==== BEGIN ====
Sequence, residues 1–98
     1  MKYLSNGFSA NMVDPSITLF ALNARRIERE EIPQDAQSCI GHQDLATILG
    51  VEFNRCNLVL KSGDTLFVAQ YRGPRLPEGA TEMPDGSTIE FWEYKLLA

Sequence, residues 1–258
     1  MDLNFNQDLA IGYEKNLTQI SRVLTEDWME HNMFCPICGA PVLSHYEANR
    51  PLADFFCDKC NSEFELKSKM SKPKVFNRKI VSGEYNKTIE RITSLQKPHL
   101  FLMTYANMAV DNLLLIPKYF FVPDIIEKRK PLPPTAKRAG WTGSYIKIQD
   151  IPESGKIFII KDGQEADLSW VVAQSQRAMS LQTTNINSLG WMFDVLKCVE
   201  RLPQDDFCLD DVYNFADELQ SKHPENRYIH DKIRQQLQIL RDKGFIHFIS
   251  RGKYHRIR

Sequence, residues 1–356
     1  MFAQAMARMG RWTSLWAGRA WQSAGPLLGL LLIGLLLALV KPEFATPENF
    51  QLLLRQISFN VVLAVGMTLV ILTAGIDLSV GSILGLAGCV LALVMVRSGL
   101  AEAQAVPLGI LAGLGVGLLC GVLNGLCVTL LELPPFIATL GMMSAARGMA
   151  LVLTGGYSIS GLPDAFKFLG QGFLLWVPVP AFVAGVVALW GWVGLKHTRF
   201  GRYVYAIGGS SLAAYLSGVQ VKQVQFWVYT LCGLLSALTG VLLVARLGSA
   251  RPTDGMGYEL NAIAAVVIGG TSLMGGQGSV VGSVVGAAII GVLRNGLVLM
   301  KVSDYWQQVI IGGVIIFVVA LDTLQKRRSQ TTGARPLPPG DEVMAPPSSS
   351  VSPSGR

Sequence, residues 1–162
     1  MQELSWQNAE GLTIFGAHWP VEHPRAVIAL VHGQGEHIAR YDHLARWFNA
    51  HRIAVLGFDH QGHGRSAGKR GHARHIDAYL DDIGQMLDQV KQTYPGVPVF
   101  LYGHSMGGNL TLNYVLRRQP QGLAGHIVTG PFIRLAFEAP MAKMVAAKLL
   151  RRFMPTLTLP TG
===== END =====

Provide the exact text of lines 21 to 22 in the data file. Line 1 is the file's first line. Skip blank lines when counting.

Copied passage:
     1  MQELSWQNAE GLTIFGAHWP VEHPRAVIAL VHGQGEHIAR YDHLARWFNA
    51  HRIAVLGFDH QGHGRSAGKR GHARHIDAYL DDIGQMLDQV KQTYPGVPVF